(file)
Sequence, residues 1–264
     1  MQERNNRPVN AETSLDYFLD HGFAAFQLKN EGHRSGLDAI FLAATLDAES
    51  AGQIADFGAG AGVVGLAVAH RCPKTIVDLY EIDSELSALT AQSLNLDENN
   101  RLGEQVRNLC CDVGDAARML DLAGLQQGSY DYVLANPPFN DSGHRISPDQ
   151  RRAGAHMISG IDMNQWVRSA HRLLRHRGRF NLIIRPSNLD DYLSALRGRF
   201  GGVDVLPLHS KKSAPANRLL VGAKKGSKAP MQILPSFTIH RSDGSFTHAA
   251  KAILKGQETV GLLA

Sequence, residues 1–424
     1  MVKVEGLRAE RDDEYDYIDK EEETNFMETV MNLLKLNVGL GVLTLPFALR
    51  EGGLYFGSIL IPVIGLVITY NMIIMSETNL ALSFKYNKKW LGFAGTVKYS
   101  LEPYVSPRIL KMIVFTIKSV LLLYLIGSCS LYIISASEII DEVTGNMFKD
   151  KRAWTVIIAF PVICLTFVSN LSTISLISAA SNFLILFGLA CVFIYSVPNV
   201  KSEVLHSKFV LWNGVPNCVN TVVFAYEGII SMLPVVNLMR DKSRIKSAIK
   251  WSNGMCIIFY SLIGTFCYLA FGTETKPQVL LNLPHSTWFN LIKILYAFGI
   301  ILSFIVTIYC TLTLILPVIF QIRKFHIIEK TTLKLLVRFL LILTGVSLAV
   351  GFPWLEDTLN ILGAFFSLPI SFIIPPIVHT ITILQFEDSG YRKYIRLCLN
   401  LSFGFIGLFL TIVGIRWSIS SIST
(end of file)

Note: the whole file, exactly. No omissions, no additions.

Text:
Sequence, residues 1–264
     1  MQERNNRPVN AETSLDYFLD HGFAAFQLKN EGHRSGLDAI FLAATLDAES
    51  AGQIADFGAG AGVVGLAVAH RCPKTIVDLY EIDSELSALT AQSLNLDENN
   101  RLGEQVRNLC CDVGDAARML DLAGLQQGSY DYVLANPPFN DSGHRISPDQ
   151  RRAGAHMISG IDMNQWVRSA HRLLRHRGRF NLIIRPSNLD DYLSALRGRF
   201  GGVDVLPLHS KKSAPANRLL VGAKKGSKAP MQILPSFTIH RSDGSFTHAA
   251  KAILKGQETV GLLA

Sequence, residues 1–424
     1  MVKVEGLRAE RDDEYDYIDK EEETNFMETV MNLLKLNVGL GVLTLPFALR
    51  EGGLYFGSIL IPVIGLVITY NMIIMSETNL ALSFKYNKKW LGFAGTVKYS
   101  LEPYVSPRIL KMIVFTIKSV LLLYLIGSCS LYIISASEII DEVTGNMFKD
   151  KRAWTVIIAF PVICLTFVSN LSTISLISAA SNFLILFGLA CVFIYSVPNV
   201  KSEVLHSKFV LWNGVPNCVN TVVFAYEGII SMLPVVNLMR DKSRIKSAIK
   251  WSNGMCIIFY SLIGTFCYLA FGTETKPQVL LNLPHSTWFN LIKILYAFGI
   301  ILSFIVTIYC TLTLILPVIF QIRKFHIIEK TTLKLLVRFL LILTGVSLAV
   351  GFPWLEDTLN ILGAFFSLPI SFIIPPIVHT ITILQFEDSG YRKYIRLCLN
   401  LSFGFIGLFL TIVGIRWSIS SIST